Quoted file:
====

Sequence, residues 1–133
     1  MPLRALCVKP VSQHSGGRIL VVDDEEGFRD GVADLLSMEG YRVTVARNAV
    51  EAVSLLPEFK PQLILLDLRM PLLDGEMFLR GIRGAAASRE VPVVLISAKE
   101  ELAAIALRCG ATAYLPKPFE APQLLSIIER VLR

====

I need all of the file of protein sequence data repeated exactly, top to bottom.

Sequence, residues 1–133
     1  MPLRALCVKP VSQHSGGRIL VVDDEEGFRD GVADLLSMEG YRVTVARNAV
    51  EAVSLLPEFK PQLILLDLRM PLLDGEMFLR GIRGAAASRE VPVVLISAKE
   101  ELAAIALRCG ATAYLPKPFE APQLLSIIER VLR